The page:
The Truth Behind Diet Soda

When my friends, my family, and my clients find out I drink diet soda, I often receive an awful facial expression from them.

“Why do you drink diet?!”

If you’re like me and a number of other fitness experts, you drink diet soda without worrying about these studies that allegedly claim that it causes cancer because ultimately, you know that you live a healthy lifestyle, you watch your intake and make sure you’re maintaining and/or burning more calories than you consume.

There’s a ton of controversy around soda and diet soda both within and out of the fitness and health industry. News sites report that diet soda cause cancer. Others report that it doesn’t. Well, I’m here to clear up all that misinformation out there.

Connection of Diet Soda and Obesity

Many studies link diet soda to obesity. The problem is that these studies use crappy sample sizes and pools. Most healthy and persons with a certain amount of fitness avoid soda altogether. The people who often partake in these studies live sedentary lifestyles.

We know that obesity is linked to coronary heart disease, diabetes, and a buttload of other health concerns. And because most fat/obese people are drinking diet soda, studies naturally say that drinkers of diet soda are more at risk for those health concerns.

The bottom line is that these people were already at risk because their weight. Diet soda is not the cause, it is not the cause!

The Real Association

Most people who begin to drink diet soda are doing so because they are getting fat. They’re usually in the overweight BMI category and closely, if not, already in the obesity category. They continue to eat more and more food and hope that diet soda will miraculously help them lose weight. This is, of course, not the case. Some even eat more food because they think they can eat more because their drinks have zero calories now.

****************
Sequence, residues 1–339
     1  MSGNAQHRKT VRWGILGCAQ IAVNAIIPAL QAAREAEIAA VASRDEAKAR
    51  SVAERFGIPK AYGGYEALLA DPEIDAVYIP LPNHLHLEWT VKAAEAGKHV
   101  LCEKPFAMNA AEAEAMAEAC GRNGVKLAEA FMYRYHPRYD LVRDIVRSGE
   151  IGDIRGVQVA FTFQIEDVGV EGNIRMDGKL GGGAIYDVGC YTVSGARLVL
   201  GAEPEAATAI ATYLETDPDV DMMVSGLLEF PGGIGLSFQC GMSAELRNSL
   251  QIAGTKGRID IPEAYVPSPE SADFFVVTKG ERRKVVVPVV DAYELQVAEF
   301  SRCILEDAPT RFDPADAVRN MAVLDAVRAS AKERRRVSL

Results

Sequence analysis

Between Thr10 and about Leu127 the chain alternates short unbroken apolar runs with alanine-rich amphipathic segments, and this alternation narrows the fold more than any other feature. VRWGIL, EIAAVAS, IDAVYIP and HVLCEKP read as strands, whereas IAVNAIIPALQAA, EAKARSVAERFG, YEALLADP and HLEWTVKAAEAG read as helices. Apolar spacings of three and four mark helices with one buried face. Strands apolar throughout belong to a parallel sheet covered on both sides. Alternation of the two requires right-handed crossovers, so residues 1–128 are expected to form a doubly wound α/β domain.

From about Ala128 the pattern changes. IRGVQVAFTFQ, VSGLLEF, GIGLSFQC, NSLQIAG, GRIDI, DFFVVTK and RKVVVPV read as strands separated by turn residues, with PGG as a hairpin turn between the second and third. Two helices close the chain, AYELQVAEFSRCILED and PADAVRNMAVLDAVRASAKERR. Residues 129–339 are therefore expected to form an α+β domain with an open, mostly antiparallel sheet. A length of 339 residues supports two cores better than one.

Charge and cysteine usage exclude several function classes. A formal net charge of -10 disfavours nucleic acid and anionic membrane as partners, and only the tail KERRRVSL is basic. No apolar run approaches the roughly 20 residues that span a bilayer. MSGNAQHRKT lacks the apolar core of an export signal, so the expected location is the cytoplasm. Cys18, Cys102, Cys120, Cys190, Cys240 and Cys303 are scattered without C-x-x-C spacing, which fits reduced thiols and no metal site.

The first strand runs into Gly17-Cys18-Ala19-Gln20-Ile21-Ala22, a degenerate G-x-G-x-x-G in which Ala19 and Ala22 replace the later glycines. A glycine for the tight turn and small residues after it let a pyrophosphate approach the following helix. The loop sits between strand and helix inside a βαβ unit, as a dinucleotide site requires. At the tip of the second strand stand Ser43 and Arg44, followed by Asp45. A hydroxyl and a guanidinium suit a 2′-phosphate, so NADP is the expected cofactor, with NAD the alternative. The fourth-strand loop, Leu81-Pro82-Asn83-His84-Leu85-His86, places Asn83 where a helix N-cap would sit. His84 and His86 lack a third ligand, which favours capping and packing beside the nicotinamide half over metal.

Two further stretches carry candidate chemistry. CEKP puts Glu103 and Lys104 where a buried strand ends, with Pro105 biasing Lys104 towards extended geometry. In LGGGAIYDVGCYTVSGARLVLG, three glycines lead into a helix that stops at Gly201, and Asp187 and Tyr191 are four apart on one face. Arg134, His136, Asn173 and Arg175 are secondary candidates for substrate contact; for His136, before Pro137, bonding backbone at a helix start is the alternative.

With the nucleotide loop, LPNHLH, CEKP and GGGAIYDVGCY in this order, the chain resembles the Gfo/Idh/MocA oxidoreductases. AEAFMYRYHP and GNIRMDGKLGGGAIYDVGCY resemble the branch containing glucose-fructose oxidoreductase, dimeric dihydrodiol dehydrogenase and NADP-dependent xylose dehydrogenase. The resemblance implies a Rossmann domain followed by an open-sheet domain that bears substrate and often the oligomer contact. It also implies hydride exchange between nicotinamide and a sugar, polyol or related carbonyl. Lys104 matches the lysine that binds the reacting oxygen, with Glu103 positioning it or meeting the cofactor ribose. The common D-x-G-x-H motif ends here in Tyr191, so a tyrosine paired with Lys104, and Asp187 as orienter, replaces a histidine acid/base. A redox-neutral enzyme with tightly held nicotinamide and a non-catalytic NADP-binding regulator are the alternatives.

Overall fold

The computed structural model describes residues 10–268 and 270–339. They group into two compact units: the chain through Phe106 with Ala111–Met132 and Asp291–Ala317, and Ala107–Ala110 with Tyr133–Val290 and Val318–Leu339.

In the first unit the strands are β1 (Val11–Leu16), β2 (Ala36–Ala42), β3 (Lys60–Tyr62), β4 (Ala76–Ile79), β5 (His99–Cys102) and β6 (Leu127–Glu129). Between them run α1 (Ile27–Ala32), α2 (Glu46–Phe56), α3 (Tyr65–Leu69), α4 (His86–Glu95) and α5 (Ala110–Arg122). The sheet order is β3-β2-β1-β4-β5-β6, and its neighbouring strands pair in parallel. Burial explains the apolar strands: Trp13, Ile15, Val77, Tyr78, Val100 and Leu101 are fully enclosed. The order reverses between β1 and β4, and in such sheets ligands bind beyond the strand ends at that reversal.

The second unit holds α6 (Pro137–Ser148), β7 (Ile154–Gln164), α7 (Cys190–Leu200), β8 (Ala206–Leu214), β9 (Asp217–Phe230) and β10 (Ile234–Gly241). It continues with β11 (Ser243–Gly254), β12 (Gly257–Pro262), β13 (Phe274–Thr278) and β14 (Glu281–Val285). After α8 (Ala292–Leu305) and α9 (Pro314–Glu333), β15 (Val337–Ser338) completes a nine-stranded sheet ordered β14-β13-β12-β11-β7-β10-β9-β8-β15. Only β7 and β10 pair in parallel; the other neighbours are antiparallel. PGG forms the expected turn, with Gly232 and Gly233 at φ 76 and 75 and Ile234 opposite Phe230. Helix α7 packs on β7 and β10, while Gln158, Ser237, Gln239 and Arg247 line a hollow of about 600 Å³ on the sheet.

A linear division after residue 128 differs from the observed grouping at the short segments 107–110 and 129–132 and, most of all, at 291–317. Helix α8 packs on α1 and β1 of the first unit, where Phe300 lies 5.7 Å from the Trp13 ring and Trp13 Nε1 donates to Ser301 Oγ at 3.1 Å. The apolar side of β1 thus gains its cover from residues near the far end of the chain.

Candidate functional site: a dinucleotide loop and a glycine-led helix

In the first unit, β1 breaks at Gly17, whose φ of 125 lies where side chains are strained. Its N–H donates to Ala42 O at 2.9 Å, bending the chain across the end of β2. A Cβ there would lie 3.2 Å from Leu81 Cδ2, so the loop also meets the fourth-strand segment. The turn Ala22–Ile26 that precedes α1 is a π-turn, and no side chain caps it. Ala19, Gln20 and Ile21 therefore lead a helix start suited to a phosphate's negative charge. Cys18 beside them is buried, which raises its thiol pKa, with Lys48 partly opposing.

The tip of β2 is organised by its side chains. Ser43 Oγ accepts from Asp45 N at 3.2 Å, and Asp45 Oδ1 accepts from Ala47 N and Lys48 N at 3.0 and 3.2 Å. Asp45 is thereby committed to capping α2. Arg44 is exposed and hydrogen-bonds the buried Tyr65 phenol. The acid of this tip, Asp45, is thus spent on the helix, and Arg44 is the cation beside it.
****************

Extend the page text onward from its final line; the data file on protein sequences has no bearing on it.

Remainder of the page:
Diet soda doesn’t help you lose weight. The only way to lose weight is to use more energy than you consume. So what in diet soda makes you eat more?

Precautions

I drink diet soda because I enjoy the taste and it helps me stave off hunger. Carbonation also helps my thirst feel quenched. However, I do agree that diet soda (due to the sweeteners), change your body’s interpretation of sugar. Because you’re drinking something that your body cannot process as sugar/energy, but it thinks it can, you will soon feel hungry/thirsty again. Also, because our bodies cannot differentiate hunger and thirst, you may feel “hungry.” Because most soda contain caffeine, and because caffeine is a diuretic, you will be dehydrating your body. Because you’re dehydrating your body, and because your body cannot differentiate thirst from hunger, you will think you’re hungry. Does that make sense?

My advice, for every can of diet soda I drink, I make sure I drink two glasses of water within an hour or two (after). This keeps my body hydrated even after caffeines diuretic effect.

Why not opt for regular soda?

I don’t have a problem with regular soda, but I don’t like high fructose corn syrup – it is too sweet and too caloric dense. It causes a huge influx of sugar in your body’s blood sugar levels. Also, I find it difficult to meet my macronutrient needs. Also, if you’re following my intermittent fasting program, diet soda contains no calories so it can be consumed during the fasting window to help stave off hunger. You cannot drink regular soda during that feeding window because your body will be processing calories.

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